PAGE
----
I once flew to Medellin in the middle of winter (a city nicknamed "Eternal Spring" for its year-round moderate temperatures - which means I wasn't packing pants) - I'll never forget standing on the tarmac in -4 degrees Fahrenheit (-15.5 Celsius) in my shorts and shirt - hoping for no delays.

"I'll never forget standing on the tarmac in -4 degrees Fahrenheit (-15.5 Celsius) in my shorts and shirt, hoping for no delays."

Was it uncomfortable for ten minutes? Yes. Did I look like an insane person? Yes. Was it worth it to fit everything into a 24L laptop bag with no checked luggage? Definitely.

As a general rule of thumb, you can wear your biggest items (pants, hoodies, hats, etc.) on travel days as a way to minimize your backpack, it may be uncomfortable for a little while, but if it means the difference between checked luggage and a carry-on, it's probably worth it.

8. Stick to Warm Climates

This isn't always possible, but it may be worth considering for a couple reasons, 1) warm climates means less clothes in general, and 2) travel is just better when the sun is out.

I won't dwell on this one too much, but if you're traveling long-term and have flexible travel plans, planning your stops around the seasons can massively simplify and minimize your pack. No pants, no problem.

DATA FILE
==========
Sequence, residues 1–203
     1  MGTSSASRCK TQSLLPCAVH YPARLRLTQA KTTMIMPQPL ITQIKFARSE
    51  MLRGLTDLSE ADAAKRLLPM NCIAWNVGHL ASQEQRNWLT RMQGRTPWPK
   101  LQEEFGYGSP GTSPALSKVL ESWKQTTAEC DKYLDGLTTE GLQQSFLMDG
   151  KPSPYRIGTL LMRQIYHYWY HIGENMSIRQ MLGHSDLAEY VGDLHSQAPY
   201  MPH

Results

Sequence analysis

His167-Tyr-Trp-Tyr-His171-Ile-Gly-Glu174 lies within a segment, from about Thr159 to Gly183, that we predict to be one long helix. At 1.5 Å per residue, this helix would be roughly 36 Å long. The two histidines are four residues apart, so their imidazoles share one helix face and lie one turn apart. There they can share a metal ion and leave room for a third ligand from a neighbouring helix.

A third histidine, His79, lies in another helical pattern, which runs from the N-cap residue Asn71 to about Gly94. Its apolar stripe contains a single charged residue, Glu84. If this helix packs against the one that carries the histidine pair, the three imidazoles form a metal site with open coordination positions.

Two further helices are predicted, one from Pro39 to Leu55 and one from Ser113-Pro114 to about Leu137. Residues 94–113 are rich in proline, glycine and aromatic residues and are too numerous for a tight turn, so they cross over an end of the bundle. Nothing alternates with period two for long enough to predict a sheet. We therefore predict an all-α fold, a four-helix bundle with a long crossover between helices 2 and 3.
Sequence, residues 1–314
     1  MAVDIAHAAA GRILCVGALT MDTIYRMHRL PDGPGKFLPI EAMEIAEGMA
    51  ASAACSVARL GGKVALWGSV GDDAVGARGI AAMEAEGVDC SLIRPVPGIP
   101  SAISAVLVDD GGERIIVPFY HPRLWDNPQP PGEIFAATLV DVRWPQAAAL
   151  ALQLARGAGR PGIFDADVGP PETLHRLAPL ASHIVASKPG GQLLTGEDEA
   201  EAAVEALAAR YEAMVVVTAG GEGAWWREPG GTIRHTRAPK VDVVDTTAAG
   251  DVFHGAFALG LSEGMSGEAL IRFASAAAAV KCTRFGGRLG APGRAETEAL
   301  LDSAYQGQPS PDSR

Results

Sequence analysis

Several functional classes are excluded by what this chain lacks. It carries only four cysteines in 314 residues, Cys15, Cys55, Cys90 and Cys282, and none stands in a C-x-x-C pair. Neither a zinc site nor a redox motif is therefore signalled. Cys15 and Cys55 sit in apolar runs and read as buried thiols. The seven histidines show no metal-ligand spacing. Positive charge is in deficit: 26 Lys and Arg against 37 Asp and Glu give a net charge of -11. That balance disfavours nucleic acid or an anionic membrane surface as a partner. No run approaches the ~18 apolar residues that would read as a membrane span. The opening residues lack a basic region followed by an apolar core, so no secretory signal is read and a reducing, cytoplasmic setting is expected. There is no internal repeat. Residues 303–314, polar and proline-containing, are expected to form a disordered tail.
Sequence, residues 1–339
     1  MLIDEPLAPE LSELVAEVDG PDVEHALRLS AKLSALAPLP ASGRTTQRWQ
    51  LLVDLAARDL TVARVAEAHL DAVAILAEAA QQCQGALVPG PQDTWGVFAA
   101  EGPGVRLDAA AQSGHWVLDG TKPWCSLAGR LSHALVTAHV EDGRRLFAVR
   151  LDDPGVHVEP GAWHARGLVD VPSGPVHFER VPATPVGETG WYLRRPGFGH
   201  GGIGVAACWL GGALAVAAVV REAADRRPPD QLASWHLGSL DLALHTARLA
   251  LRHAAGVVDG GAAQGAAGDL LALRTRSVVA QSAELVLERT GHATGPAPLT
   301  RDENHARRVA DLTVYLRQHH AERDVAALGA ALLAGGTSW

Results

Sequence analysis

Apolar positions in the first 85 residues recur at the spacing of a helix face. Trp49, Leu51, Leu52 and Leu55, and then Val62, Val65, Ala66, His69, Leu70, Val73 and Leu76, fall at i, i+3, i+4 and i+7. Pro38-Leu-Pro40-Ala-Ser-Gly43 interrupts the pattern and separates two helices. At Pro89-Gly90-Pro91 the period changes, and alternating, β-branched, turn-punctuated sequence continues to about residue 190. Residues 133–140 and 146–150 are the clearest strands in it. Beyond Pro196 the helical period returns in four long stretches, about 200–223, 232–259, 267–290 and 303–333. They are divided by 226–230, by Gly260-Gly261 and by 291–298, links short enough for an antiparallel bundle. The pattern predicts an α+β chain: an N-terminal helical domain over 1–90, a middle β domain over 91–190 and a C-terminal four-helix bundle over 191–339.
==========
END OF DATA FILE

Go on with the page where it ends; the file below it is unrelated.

While we're on the weather topic, it may be useful to note that you probably won't be doing much when the weather is bad, especially if you're traveling long-term; if it's raining, you probably won't go outside, so you probably don't need a rain jacket; if it's chilly out, you might opt to take an Uber or stay near your hostel, so you probably don't need a jacket; if it's 120-degrees out, you probably won't leave the pool, so you likely don't need that SPF 50+ long-sleeve shirt, etc.

It's easy to want to pack for every type of weather, but the reality is, you're not camping, you're traveling, and you have all the modern comforts of home in whatever place you're staying, don't overcomplicate it.

9. Remember the Golden Rule

If you're unsure on something, don't bring it; if you find yourself in a bind, you can always buy appropriate clothing; wherever you travel in the world, you'll be able to find climate-appropriate clothing if you need it, because if other people live there, they too need protection from the elements.

That's more like three rules, but you get the idea. You don't need to pack for every situation, every type of weather, every disaster. etc.; you just need to pack the basics and stay flexible.


Clothes and shoes are among the most difficult things to plan for when it comes to long-term travel, and while I can't tell you exactly what to pack, my hope is that these tips useful and applicable, and if it by applying them you're able to bring one less thing, I'll consider it a win.

Thanks for reading, and as always, happy travels. :)

small and large backpacks side-by-side